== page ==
The field of counseling thrives on life-long learning and professional development for counselors to continue to provide ethical and effective mental health services to the larger community.
The Chicago School's Ph.D. in Counselor Education and Supervision program, offered at the Washington, D.C. campus, prepares students with a strong grounding in the theoretical and practical aspects of counseling.
The curriculum integrates client assessment and diagnoses to generate best practices and enhance the practice of counseling. Students benefit from extensive engagement in qualitative and quantitative research with the highest level of professional and ethical standards. They learn how to analyze learning outcomes and design teaching methods relevant to counselor education.
Our Ph.D. in Counselor Education and Supervision program prepares professionals to be educators and leaders in the field of counseling and apply the principles of counseling psychology, education, and supervision in addressing the needs of specific populations.
Graduates from our Washington, D.C. campus will be prepared to select, implement, and supervise educational methodologies for counselor education that meet a wide variety of individual, group and organizational needs—including those offered in nonprofit, institutional, and non-institutional settings.
Counselor Supervision and Education
100 hours of practicum; 600 hours of internship, including 100 hours of teaching, 100 hours of supervision, and additional hours developed in collaboration with faculty, which may include hours in counseling, consultation, research, and/or professional leadership.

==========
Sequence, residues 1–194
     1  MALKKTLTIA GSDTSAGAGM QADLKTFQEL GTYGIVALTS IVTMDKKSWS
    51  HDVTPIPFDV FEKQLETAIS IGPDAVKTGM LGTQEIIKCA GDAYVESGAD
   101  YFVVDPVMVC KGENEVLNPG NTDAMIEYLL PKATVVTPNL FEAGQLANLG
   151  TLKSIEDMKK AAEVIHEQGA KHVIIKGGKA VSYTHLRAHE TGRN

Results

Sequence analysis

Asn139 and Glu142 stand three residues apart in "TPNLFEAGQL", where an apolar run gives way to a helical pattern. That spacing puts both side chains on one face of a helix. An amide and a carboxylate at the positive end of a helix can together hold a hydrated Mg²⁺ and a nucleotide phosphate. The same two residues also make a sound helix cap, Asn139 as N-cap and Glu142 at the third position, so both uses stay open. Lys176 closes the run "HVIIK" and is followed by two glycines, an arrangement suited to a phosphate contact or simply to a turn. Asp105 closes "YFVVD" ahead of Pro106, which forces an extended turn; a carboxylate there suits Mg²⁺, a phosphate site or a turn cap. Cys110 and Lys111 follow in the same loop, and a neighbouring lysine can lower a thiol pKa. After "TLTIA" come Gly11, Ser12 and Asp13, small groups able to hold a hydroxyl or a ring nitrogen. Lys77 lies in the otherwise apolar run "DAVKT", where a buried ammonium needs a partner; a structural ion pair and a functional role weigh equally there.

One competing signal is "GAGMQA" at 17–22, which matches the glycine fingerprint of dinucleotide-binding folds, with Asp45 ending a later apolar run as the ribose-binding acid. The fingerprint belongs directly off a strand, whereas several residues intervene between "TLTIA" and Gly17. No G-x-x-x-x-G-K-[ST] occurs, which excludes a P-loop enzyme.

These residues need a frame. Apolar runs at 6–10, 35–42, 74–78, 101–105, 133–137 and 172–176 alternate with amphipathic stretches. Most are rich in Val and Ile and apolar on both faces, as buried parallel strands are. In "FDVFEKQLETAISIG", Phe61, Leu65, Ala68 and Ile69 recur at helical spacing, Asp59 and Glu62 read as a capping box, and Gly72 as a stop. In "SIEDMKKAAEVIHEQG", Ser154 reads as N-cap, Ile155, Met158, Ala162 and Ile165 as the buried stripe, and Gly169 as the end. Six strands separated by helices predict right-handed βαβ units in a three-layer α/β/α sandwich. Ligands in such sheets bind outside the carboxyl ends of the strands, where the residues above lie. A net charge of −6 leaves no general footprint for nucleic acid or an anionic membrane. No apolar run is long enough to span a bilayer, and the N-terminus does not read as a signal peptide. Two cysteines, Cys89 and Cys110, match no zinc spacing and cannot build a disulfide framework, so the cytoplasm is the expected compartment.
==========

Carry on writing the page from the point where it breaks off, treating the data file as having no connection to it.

Program Time to Completion
Issues in Counselor Education and Supervision
This seminar explores current issues for counselors, counselor educators, and counselor supervisors related to professional identity and responsibilities. Topics include, but are not limited to: consultation, crisis intervention, leadership, and advocacy. The counselor's advocacy role is stressed, both in advocacy for clients and advocacy for the profession.
This course provides an in-depth survey and understanding of the range of mental disorders. The overall objective of the course is to enable students to appropriately diagnose psychopathology for purposes of efficacious treatment and the facilitation of clear clinical dialogue and agreement with fellow professionals. The course emphasizes research as it pertains to empirically-based treatments for a variety of mental health disorders. Additionally, issues of culture and gender as it relates to mental health diagnoses are discussed. Diagnostic criteria are drawn primarily from the DSM-IV-TR with some contribution from other sources considered as appropriate.
Qualitative Research Methods
Prerequisite: CE 620. The field of qualitative research is reviewed for the applications to the discipline of psychology. Primarily focused on cultural research, this course examines the methods that can be credibly employed to examine cultural and cross cultural research in psychology. Topics include: qualitative design frameworks, establishing trustworthiness and credibility, threats to trustworthiness and mediation strategies, data collection, data analysis, and results reporting.
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